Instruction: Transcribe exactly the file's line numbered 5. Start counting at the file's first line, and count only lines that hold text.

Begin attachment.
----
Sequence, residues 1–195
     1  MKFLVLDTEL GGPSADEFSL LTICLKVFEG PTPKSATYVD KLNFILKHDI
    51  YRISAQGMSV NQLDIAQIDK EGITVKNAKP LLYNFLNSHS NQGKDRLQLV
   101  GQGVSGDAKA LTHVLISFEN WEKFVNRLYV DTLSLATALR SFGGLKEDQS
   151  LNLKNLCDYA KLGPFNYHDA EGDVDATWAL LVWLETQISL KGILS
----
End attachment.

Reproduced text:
   151  LNLKNLCDYA KLGPFNYHDA EGDVDATWAL LVWLETQISL KGILS